Suy Sing opens grocery-store franchise program to OFWs

SUY Sing is offering its Easy Day Shop community grocery store for franchise, particularly to overseas Filipino workers (OFWs).

For over 68 years, the country’s leading one-stop wholesale-grocery distribution company has been supportive of independent Filipino grocers by helping improve their lives and provide employment, according to Suy Sing President and General Manager Christina Tan.

“This is what encouraged us to share our knowledge, experience and resources with OFWs who want to start a grocery business. This is our way of helping spur entrepreneurship in the communities,” she said.

OFWs are considered the “unsung heroes” of today as they sacrifice working abroad while away from their families

Their remittances not only support the financial needs of their loved ones here, but also fuel the country’s economy.

As per the Bangko Sentral ng Pilipinas, OFW dollar remittances from January to March 2015 reached $5.79 billion, or 5.46 percent higher than $5.49 billion during the first quarter of last year.

Seeing their great contribution to national growth, Suy Sing has opened their franchising program, where they can invest their hard-earned money to secure their future.  Franchisees of Easy Day Shop can avail of a turnkey franchise package that includes use of Easy Day trade name, site evaluation, design and construction aid, franchise support and training, business system support, retail automation, stock management and control, marketing and promotions and a customer loyalty program.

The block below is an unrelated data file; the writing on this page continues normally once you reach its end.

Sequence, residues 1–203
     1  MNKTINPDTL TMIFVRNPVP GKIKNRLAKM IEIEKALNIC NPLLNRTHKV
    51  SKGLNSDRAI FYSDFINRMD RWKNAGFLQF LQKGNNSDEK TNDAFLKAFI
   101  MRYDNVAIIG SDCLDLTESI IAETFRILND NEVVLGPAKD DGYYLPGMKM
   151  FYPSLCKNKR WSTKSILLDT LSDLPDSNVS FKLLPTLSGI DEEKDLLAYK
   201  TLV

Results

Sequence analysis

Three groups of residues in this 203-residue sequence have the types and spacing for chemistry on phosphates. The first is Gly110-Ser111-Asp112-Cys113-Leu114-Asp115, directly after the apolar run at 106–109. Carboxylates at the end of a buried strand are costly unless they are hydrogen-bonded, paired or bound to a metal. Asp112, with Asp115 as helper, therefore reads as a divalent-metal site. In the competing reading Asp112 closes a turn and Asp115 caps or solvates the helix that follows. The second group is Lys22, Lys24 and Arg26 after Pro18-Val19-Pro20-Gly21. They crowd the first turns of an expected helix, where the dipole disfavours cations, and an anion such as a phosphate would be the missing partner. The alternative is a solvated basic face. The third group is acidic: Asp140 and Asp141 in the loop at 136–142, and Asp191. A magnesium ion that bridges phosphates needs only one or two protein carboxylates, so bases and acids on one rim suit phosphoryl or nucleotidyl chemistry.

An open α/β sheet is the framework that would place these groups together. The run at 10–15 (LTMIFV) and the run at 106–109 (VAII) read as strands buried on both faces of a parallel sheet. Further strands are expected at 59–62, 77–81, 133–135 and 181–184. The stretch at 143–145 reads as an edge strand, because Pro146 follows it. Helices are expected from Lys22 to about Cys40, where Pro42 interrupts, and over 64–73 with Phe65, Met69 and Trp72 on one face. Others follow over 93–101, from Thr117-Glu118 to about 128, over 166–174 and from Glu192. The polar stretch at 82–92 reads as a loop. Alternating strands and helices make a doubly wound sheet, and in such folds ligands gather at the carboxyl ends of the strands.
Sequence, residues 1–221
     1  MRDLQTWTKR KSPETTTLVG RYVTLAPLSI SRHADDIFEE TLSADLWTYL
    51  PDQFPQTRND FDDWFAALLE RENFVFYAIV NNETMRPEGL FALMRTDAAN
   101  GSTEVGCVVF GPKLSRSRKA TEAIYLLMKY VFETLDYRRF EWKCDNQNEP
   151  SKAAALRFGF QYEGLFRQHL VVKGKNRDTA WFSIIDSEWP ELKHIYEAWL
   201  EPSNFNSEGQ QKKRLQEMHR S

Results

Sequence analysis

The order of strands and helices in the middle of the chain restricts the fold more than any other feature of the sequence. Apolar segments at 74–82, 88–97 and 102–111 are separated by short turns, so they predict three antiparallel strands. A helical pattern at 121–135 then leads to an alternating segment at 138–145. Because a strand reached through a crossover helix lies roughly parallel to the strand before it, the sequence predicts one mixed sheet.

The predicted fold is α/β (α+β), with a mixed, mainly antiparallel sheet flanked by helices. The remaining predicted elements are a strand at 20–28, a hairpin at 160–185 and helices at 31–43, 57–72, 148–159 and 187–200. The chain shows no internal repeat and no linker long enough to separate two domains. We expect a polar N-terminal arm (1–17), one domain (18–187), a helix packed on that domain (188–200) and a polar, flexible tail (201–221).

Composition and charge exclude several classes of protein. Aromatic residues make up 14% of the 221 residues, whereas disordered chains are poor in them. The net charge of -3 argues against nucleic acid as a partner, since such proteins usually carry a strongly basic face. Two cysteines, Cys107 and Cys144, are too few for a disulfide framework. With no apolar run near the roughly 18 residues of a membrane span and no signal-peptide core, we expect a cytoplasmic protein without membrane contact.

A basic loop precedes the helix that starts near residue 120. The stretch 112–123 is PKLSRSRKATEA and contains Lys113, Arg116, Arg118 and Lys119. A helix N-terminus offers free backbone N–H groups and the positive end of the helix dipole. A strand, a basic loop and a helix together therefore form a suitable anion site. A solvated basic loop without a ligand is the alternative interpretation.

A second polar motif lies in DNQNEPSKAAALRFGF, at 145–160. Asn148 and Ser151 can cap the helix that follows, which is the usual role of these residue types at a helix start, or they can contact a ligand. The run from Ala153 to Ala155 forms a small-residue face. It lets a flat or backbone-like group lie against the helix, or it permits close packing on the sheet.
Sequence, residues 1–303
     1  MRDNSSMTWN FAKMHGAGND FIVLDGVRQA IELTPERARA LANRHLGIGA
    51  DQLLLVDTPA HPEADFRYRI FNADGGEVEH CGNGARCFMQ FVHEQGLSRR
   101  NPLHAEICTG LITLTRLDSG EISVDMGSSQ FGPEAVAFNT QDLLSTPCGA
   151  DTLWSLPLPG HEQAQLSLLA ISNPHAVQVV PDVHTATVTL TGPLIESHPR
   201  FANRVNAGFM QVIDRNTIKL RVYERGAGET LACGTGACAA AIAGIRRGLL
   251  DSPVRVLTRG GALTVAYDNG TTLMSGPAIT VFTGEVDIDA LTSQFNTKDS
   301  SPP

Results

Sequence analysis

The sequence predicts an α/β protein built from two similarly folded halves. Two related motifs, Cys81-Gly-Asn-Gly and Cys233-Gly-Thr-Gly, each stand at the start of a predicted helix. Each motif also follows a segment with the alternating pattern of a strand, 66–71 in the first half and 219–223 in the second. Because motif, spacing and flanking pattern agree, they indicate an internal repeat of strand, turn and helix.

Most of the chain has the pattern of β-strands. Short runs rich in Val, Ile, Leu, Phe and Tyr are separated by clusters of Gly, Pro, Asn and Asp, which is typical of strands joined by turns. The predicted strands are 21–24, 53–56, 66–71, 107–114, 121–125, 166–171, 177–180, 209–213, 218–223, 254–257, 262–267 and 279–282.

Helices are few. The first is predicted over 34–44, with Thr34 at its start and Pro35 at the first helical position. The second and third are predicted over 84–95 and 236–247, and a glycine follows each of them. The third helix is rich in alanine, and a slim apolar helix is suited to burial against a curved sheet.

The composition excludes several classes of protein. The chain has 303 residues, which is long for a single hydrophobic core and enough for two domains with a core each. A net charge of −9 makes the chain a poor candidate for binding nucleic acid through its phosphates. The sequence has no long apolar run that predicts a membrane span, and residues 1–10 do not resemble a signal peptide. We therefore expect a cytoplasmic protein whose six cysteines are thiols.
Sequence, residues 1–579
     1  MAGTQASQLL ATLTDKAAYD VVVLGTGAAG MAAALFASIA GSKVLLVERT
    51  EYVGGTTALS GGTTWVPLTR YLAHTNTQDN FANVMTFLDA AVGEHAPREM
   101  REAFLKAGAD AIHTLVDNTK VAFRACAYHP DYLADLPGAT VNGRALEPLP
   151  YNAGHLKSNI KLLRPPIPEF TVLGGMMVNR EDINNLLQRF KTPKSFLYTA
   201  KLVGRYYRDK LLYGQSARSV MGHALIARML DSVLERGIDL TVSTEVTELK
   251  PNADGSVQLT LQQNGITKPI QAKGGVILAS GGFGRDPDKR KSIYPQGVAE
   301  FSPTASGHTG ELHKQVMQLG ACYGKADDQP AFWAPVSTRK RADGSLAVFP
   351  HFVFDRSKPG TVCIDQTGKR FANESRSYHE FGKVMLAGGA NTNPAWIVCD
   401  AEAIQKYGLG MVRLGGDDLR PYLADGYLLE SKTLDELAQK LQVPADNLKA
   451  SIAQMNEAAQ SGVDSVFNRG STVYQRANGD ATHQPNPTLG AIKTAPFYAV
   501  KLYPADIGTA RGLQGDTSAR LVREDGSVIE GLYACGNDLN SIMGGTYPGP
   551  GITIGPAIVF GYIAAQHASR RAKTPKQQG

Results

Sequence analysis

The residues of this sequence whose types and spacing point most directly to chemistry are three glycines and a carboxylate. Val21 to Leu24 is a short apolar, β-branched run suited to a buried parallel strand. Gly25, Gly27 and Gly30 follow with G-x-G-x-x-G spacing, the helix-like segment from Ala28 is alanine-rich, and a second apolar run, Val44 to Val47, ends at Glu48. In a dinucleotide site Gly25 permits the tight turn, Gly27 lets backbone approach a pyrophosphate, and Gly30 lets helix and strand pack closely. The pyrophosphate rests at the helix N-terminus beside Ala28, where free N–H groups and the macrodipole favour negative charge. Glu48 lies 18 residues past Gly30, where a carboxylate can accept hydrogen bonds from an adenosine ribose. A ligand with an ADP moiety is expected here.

What separates Easy Day Shop from regular sari-sari stores and 24-hour convenience stores is its broader assortment of both food and nonfood products for households’ everyday needs. Beyond offering top-up and fill-in shopping requirements, it, likewise, provides additional services, such as automated teller machine, bills payment and cell-phone loads.

Roderick L. Abad graduated from Pamantasan ng Lungsod ng Maynila, with a degree course in Bachelor of Arts in Mass Communication. He has 12 years of journalism experience, starting as a Special Features Writer in a major daily newspaper. In 2006, he moved to the BusinessMirror in the same capacity and, eventually, became a beat reporter. To his credit, he was a finalist in the 2011 Holcim Journalism Awards for Sustainable Construction and the 2013 Lasallian Scholarum Awards. He remains affiliated with the BusinessMirror as a contributor.


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